By Harpeth High School Teacher BILL KING
An Open Letter to the Cheatham County Board of Education:
A little over two years ago I sat among a sparse audience of three or four interested citizens to witness Dr. Tim Webb’s interview to become Cheatham County’s director of schools. At one point in the interview, then Board member Greg Horton asked whether or not Dr. Webb would have the guts to dismiss employees who were underperforming. Dr. Webb replied that he did possess that wherewithal but followed that admission with an important qualifier. Before dismissing underperforming employees, he said that he would first do all he could to help those employees to become more effective. While some might consider that a stock response, I took it seriously. It denoted a man who valued and understood the difficult job that teaching has become and that dismissals would not occur capriciously.
Unfortunately, the final two weeks of Dr. Webb’s tenure as director belied that promise. His “final days” directives of demotion, displacement, and termination of numerous employees were sudden and shocking, especially to those who had been assured by him more than once that they were doing a good job. There was no attempt at remediation for the majority of those employees. Furthermore, several of those demoted administrators and most of the retained administrators did not even have a state mandated formal evaluation completed during the school year. This dereliction occurred during the first year of the Race to the Top agenda when employee evaluations were mandated and highlighted as a central statewide focus for school reform. Indeed, Dr. Webb, himself, had served on the committee that finalized the evaluation framework. When, however, Dr. Webb failed to complete his evaluation responsibilities as director, the Board of Education remained silent.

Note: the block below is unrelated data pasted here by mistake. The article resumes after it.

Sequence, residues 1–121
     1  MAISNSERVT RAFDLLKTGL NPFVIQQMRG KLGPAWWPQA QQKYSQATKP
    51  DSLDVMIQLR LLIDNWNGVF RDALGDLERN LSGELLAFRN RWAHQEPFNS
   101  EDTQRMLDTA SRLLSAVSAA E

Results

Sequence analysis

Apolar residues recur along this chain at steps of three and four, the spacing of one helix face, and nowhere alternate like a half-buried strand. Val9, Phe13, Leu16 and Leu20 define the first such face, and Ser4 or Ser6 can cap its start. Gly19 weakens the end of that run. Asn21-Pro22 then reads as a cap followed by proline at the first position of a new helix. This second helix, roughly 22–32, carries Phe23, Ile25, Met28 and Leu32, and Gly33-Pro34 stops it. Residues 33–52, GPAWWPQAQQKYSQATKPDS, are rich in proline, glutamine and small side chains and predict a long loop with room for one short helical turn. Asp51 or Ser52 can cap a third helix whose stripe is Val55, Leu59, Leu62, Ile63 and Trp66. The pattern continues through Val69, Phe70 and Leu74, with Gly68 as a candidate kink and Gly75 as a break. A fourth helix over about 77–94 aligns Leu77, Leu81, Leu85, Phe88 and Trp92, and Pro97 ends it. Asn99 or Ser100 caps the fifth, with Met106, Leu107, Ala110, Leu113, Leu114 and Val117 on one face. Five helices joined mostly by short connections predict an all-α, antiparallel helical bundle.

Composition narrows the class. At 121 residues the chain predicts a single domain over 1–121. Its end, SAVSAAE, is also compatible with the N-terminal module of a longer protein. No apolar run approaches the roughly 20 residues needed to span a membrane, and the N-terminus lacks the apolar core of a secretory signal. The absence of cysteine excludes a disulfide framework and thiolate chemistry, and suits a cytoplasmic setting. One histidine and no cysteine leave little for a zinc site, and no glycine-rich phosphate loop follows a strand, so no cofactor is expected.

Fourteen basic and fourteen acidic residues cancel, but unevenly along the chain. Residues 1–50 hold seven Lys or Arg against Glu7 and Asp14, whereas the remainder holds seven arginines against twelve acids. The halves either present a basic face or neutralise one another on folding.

We are currently experiencing a teacher talent drain in our school system. This year, Metro Nashville will pay its beginning teachers $40,000. According to our current salary schedule, it could take a beginning Cheatham County teacher ten years to reach $40,000; however, this year’s voluntary teacher departures seem to be primarily motivated, not by money, but by a perceived lack of professional respect. In the past, it has certainly not been the money that kept teachers in place in Cheatham County. For years, Cheatham County teachers have been the lowest paid of all surrounding counties. What kept us here was the quality of life. We thrived in small communities where we, by and large, knew and respected our students and administrators, and, by and large, felt respected in return. Year after year, we worked with fewer and fewer resources and collectively never demanded more money for ourselves. But when teachers lose quality of life and professional respect due to the insecurities caused by unwarranted threats of termination, demotions, or transfers and are denied vital resources to teach effectively, they figure they may as well chase the money.
Still, at this late date, the majority on this Board, even with two new members, seems to go out of its way to ignore the misdeeds of our former director. While several principals and teachers must now and in the future publicly and professionally bear the brunt of Dr. Webb’s final judgments and his failure to complete his observation requirements, no statement of his missteps from the current Board seems forthcoming. And because we know that Dr. Webb did not act alone when, on his way out the door, he scorched the school landscape with questionable demotions, transfers, and dismissals, many among the current force of Cheatham County teachers and administrators wonder if next spring this Board will allow another round of the same. If personnel shifts of this magnitude become an annual event, you can expect an annual hemorrhaging of major teacher talent as well. Your teachers are not pawns on a chess board; they are human beings. If they are not respected as such, they will seek that respect elsewhere.